Why I Love the Book 'Uniquely Human' as Someone on the Autism Spectrum
As a teenager with autism, I have been trying to find a book written by a professional in the field that is not only interesting, but factual. When I say factual, I am talking about information that truly represents the mind of someone on the spectrum. No stereotypes, no misrepresentation, just pure knowledge. I recently found that book: Uniquely Human: a Different Way of Seeing Autism by Dr. Barry M. Prizant, Ph.D., CCC-SLP with Thomas Fields-Meyer.
Let me start out by saying this is the best book that I have ever read in my whole entire life (and I really mean it). Every single moment I was reading this book I couldn’t believe what I was reading. With decades of experience, Dr. Prizant really knows what he’s talking about. Dr. Prizant mentioned qualities of professionals who “get it.” He really “gets it.”
Uniquely Human: a Different Way of Seeing Autism starts out with stating that the treatment of autism is a largely unregulated enterprise. I completely agree. There are certain licensing requirements for licensed psychologists (Ph.D./Psy.D.) and board-certified behavioral analysts (BCBA). But there is no other agency checking up on providers making sure that they are doing the right things for the right reasons. Because of this, there are some professionals who unknowingly worsen the situation they’re trying to help. Furthermore, Dr. Prizant states something that foreshadows the rest of the book. He says, “Autism isn’t an illness, it’s a different way of being human.” When I think of this, I think of a famous quote by Stuart Duncan, “Autism isn’t a disability, it’s a different ability.” The authors realize that everyone is different in their own way.
Uniquely Human: a Different Way of Seeing Autism also presents the all too known but not used enough question… why? Dr. Prizant mentions that professionals who are working with children on the autism spectrum need to ask “why.” He states that many providers see what a behavior is and then try to eliminate it. They should really be a detective and find the truth about why someone is doing something. When you find this out, proceeding with the right treatment is much easier to do. I personally have seen an aide to a child repeatedly tell the child to stop humming, when in reality this was a much needed and extremely important stim. This is just one example of many I have seen. He says that professionals who ask why are professionals who “get it.” People who “get it” must have empathy — the human factor, sensitivity, shared control, humor, trust, and flexibility. From what I have seen with Dr. Prizant’s writing, he truly “gets it.”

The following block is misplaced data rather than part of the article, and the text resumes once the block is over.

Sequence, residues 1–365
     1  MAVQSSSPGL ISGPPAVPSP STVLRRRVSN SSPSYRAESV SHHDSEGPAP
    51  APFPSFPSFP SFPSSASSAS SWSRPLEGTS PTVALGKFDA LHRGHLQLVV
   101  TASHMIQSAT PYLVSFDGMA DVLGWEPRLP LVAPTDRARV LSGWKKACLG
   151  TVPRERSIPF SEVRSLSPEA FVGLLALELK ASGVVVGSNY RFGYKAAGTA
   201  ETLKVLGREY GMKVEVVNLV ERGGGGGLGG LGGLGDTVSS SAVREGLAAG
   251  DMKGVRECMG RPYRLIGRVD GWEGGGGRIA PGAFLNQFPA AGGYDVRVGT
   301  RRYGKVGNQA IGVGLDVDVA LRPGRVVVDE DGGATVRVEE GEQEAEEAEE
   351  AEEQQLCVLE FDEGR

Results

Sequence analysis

The last thing that really stood out for me when reading this book was the authors’ take on social language. Dr. Prizant said people with autism have a hard time learning a social language. He then gives a genius analogy: learning a social language is like learning a second, foreign language to someone on the spectrum. It’s harder to achieve the same fluency level as native speakers. These native speakers are “typical” people, while the foreign language applies to people with autism. This gives me a whole new perspective on my troubles with social skills knowing that in a way, it’s a foreign language to me. Dr. Prizant said that in the real world, people with autism are left to fend for themselves; navigating a reality that makes sense to everyone else but them and that for individuals with autism, comprehending the social world can mean living in a state of confusion. This is so true for me as I often feel this way. There isn’t a day that goes by where I don’t get confused, stressed, and frustrated over my social skills. I have troubles seeing social cues or hints along with sarcasm, which makes me wonder why I’m not understanding what everyone else knows.